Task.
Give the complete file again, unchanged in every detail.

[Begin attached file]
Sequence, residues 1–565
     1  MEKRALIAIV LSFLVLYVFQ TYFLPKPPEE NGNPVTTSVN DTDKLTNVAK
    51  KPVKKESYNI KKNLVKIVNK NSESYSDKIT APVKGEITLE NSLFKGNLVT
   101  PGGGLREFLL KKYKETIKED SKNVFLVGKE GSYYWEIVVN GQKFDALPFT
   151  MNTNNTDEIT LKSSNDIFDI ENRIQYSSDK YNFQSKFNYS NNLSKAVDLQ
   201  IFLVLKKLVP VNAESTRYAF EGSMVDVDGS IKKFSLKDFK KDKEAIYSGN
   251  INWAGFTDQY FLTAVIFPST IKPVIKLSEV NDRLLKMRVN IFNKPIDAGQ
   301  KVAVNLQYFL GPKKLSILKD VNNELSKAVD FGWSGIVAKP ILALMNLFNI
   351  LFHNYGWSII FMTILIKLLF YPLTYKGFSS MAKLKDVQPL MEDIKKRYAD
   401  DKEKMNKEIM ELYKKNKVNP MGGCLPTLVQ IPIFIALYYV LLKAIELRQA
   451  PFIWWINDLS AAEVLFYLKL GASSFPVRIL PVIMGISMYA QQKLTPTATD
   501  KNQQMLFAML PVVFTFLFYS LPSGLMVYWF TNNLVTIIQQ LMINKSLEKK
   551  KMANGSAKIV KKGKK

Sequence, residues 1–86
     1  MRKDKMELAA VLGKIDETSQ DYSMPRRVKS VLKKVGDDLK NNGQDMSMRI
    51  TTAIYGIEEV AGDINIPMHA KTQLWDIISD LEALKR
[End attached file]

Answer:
Sequence, residues 1–565
     1  MEKRALIAIV LSFLVLYVFQ TYFLPKPPEE NGNPVTTSVN DTDKLTNVAK
    51  KPVKKESYNI KKNLVKIVNK NSESYSDKIT APVKGEITLE NSLFKGNLVT
   101  PGGGLREFLL KKYKETIKED SKNVFLVGKE GSYYWEIVVN GQKFDALPFT
   151  MNTNNTDEIT LKSSNDIFDI ENRIQYSSDK YNFQSKFNYS NNLSKAVDLQ
   201  IFLVLKKLVP VNAESTRYAF EGSMVDVDGS IKKFSLKDFK KDKEAIYSGN
   251  INWAGFTDQY FLTAVIFPST IKPVIKLSEV NDRLLKMRVN IFNKPIDAGQ
   301  KVAVNLQYFL GPKKLSILKD VNNELSKAVD FGWSGIVAKP ILALMNLFNI
   351  LFHNYGWSII FMTILIKLLF YPLTYKGFSS MAKLKDVQPL MEDIKKRYAD
   401  DKEKMNKEIM ELYKKNKVNP MGGCLPTLVQ IPIFIALYYV LLKAIELRQA
   451  PFIWWINDLS AAEVLFYLKL GASSFPVRIL PVIMGISMYA QQKLTPTATD
   501  KNQQMLFAML PVVFTFLFYS LPSGLMVYWF TNNLVTIIQQ LMINKSLEKK
   551  KMANGSAKIV KKGKK

Sequence, residues 1–86
     1  MRKDKMELAA VLGKIDETSQ DYSMPRRVKS VLKKVGDDLK NNGQDMSMRI
    51  TTAIYGIEEV AGDINIPMHA KTQLWDIISD LEALKR